Saturday, May 30, 2020

Letters from a Stoic 1 - On Saving Time

On Saving Time

Seneca describes the problem - we are wasting our most precious resource: time.
pay close heed to the problem, you will find that the largest portion of our life passes while we are doing ill, a goodly share while we are doing nothing, and the whole while we are doing that which is not to the purpose.
Regarding how precious this resource is:
What fools these mortals be! They allow the cheapest and most useless things, which can easily be replaced, to be charged in the reckoning, after they have acquired them; but they never regard themselves as in debt when they have received some of that precious commodity, – time! And yet time is the one loan which even a grateful recipient cannot repay.
What are we to do?  What if most of our life has already past?  What do we do now?
I do not regard a man as poor, if the little which remains is enough for him. I advise you, however, to keep what is really yours; and you cannot begin too early.
The answer is, we have enough time, now.  We must seize the day and make the most of the time while we have it.

What else can you do, to ensure you don't waste your time?

What I've learned from any others is that planning is big.  Plan your day, set goals and establish systems to live your life by.  If you are aimless, then the first task at hand is to aim.  Find out what you want in life - what you want to be, where you want to go and live, what do you want to do.  Make a plan to acquire real, usable skills which will enable you to earn a living.  Be sure the skills you learn are sustainable and that they are something others are willing to pay you for.

This establishes "a base" for you.  This gets you up and working and contributing to society.  This also buys you more time to work on higher value activities.  Also know, that very little is needed to get you 'up and working' as it were.  Thoreau's Walden proves this - read it if you must.  In today's post-modern society, any person with a healthy body and brain can make a living if they manage their wants and desires.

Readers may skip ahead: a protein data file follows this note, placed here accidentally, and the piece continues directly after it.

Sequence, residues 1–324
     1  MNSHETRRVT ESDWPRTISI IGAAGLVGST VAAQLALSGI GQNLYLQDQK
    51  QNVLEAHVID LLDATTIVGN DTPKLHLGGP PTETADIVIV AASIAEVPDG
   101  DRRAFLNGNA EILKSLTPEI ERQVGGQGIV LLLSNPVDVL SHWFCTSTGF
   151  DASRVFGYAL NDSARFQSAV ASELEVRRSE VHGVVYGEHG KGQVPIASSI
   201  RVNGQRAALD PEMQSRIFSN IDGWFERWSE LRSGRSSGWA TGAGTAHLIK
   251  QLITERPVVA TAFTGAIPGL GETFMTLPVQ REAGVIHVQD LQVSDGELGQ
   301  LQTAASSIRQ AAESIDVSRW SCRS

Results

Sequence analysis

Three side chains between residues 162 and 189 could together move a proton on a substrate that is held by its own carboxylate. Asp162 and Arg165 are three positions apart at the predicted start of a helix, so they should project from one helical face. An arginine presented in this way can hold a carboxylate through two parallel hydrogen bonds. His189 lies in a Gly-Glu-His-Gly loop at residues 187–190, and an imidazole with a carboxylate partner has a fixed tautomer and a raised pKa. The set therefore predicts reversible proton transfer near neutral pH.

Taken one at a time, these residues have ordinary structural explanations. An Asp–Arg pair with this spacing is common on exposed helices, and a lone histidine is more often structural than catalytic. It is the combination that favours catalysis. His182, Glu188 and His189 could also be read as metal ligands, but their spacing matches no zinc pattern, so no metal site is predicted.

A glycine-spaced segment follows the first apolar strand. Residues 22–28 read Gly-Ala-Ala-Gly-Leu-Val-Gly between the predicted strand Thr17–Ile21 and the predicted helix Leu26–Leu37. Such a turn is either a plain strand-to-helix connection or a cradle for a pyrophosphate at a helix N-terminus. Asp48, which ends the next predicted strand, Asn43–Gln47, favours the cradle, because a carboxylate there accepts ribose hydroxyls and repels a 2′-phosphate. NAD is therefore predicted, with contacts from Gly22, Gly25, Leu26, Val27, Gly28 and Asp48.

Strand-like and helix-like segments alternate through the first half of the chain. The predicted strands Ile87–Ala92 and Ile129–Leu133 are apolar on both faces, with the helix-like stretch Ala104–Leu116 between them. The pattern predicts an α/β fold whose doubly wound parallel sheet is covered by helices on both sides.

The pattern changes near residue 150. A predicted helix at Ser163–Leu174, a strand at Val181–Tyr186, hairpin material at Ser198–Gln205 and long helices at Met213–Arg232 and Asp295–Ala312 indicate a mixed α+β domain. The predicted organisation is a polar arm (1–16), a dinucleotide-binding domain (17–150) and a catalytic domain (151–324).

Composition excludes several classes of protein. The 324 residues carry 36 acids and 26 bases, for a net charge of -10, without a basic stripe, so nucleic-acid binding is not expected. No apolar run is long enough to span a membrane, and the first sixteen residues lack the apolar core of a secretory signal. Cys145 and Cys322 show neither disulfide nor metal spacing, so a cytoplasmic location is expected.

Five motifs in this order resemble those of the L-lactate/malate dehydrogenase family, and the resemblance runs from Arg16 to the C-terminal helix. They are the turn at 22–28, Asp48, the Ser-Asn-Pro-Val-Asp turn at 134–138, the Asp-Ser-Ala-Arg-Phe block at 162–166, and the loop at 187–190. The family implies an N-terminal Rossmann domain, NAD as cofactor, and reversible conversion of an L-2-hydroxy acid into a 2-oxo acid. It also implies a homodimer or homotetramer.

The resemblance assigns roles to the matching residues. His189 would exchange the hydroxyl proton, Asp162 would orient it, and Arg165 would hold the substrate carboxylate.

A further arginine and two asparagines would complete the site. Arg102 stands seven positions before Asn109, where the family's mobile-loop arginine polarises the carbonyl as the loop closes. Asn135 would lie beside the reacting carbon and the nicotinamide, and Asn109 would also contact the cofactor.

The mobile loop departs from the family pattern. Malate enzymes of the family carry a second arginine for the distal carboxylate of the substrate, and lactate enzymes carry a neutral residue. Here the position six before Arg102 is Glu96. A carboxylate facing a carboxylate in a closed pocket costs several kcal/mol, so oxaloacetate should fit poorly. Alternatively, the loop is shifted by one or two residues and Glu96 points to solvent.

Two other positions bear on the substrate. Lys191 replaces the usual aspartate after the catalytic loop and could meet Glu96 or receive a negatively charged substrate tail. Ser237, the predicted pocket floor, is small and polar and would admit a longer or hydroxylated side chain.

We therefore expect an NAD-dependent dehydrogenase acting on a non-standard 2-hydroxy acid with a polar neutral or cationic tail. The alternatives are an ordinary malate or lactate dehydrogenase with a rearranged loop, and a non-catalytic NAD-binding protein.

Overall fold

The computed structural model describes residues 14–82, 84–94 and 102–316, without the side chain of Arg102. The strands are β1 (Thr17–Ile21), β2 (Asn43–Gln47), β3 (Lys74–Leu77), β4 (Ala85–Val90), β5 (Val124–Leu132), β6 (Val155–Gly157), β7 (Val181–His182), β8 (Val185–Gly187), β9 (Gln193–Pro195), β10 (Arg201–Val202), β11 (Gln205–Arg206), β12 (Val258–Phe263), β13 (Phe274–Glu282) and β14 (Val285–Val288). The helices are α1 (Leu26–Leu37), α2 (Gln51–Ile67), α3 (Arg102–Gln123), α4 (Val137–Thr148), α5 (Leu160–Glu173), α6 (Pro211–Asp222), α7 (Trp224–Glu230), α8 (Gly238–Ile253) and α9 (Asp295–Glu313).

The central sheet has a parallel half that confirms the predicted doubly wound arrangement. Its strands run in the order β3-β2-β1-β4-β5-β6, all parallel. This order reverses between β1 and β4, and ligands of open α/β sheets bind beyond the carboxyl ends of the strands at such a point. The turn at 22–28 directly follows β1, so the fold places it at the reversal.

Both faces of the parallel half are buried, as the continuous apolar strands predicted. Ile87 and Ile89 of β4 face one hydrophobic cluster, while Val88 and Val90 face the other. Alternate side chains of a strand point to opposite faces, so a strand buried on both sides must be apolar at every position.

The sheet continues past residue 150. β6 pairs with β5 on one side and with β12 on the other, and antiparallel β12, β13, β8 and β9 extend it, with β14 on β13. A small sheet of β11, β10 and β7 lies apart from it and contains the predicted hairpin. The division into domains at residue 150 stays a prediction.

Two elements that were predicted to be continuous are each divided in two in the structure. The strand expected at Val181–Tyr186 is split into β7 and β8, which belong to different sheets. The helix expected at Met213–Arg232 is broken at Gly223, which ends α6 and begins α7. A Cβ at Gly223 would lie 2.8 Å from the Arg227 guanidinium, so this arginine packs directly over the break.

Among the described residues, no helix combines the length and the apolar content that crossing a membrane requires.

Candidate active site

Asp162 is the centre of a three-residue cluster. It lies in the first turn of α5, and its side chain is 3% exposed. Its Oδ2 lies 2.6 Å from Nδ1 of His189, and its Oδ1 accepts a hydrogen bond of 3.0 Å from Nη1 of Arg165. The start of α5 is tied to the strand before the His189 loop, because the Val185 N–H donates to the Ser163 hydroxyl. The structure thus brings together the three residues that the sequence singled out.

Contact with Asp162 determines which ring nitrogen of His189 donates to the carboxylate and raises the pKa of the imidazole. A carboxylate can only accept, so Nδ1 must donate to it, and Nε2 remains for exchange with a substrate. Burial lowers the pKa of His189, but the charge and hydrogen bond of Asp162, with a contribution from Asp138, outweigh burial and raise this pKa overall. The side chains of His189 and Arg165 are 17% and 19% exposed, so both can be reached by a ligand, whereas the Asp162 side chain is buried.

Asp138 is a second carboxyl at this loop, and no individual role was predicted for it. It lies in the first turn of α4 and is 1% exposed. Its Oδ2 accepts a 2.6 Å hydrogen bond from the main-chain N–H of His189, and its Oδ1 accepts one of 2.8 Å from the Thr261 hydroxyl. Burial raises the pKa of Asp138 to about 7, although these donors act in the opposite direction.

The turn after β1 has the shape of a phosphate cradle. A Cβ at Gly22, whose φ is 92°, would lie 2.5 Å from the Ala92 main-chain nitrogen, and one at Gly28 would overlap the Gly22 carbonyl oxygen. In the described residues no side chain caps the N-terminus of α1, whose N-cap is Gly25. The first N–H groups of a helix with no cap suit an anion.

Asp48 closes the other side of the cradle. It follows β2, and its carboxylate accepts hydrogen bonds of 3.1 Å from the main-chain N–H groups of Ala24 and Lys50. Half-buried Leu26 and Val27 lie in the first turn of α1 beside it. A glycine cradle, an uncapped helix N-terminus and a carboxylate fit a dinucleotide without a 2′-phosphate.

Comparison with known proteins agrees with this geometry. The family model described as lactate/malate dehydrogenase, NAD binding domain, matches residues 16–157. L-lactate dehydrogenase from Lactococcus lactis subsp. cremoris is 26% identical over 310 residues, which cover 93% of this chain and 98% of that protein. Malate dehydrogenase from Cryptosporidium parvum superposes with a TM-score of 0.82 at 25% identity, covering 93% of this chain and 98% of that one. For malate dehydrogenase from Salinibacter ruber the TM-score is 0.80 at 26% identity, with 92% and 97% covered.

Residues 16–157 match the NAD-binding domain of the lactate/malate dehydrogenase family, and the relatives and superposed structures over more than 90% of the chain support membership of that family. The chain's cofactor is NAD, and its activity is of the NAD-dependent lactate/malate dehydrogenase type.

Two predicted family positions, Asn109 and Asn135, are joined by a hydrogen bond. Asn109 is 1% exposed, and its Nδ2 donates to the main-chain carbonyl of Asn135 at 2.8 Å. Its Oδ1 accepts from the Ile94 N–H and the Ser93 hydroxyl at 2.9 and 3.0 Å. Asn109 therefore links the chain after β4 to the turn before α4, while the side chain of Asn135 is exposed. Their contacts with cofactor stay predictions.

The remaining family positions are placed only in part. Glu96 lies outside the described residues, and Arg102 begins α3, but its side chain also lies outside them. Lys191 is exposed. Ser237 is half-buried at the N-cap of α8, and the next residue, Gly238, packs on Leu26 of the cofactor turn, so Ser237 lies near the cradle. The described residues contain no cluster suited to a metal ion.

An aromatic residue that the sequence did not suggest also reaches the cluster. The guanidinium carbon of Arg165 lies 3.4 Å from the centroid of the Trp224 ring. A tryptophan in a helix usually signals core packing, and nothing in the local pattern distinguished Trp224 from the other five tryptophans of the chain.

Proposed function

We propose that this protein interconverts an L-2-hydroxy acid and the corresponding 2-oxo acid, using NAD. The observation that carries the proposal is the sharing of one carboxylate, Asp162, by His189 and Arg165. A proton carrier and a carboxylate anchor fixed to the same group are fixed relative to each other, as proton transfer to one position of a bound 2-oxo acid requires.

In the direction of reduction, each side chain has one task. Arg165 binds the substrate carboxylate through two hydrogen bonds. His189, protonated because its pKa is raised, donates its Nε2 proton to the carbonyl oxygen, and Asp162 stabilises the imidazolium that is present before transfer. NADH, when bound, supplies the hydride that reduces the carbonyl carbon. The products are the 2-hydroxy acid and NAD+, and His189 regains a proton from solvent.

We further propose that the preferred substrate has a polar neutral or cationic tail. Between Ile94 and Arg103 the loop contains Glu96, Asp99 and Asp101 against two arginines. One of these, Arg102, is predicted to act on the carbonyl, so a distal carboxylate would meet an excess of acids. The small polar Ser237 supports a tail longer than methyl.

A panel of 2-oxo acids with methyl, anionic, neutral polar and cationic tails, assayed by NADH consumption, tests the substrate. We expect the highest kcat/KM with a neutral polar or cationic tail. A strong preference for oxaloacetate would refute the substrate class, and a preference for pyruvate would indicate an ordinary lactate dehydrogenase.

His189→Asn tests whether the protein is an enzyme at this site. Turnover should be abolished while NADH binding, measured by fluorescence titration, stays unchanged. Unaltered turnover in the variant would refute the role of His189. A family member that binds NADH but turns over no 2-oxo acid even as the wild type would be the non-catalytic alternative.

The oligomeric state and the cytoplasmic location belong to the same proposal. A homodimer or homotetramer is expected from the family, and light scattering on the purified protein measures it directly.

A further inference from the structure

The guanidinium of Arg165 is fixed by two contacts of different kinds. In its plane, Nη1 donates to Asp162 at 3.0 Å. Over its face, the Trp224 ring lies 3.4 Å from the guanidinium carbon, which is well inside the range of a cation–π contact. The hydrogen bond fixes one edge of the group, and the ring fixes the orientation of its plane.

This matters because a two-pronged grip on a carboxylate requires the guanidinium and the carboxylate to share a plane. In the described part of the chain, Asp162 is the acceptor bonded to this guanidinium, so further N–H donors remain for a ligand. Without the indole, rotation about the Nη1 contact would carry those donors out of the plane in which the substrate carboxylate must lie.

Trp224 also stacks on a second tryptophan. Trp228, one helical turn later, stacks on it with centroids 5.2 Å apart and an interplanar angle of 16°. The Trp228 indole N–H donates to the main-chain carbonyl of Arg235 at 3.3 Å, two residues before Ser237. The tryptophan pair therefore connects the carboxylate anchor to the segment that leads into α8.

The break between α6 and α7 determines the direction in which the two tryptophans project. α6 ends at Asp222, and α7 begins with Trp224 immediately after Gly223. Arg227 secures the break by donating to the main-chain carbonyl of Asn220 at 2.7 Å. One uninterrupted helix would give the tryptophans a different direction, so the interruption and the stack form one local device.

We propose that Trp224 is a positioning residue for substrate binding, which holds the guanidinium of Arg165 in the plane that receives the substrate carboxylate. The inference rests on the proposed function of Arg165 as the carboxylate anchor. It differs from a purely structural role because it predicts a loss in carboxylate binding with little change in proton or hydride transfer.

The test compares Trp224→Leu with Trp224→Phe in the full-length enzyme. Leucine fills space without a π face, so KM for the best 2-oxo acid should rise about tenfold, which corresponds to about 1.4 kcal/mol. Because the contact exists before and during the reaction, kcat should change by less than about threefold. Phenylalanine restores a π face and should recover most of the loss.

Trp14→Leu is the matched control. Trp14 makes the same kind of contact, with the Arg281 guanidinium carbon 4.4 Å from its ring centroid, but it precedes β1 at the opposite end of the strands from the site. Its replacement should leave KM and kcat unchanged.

Once your base is established, work to grow it and try to find ways to be more efficient at it.  All the while, you should be finding and understanding your unique, core values - what makes you happy and what your unique contribution to society is or will be.

And always be sure to set aside time, every day, to work on understanding your philosophy and to live it.  Read Marcus Aurelius, Seneca, Epictetus and other philosophers.  Think about it, talk about it, embody it.

Friday, May 29, 2020

Commentary on Seneca

It's been a while since I last posted.  I've completed the School of Essential Studies course and learned so much more about the philosophy.  The next phase is The Marcus Aurelius School, to which I've been recommended and admitted.  The first of four terms begins in July and I expect the course will take at least one full year to complete.

Lately, I've been filling my time with a little mini project of consolidating my copies of Stoic books into one OneNote file, as well as copying my previously blogged commentary on Marcus Aurelius and Epictetus.  While doing this, I remembered one of my goals for 2020 was to start my commentary of Seneca.  He has written so much, but I figure I'll start with Letters from a Stoic and then fill in the gaps with his other works and essays as I have time.

I've also acquired a recently published book entitled That One Should Disdain Hardships: The Teachings of a Roman Stoic, which has the writings of Musonius Rufus - the teacher of Epictetus.  I'll probably start reading that a bit this year and will write some commentary on it, at some point.

But as for now, I'll start with Letters from a Stoic and tackle a bit at a time.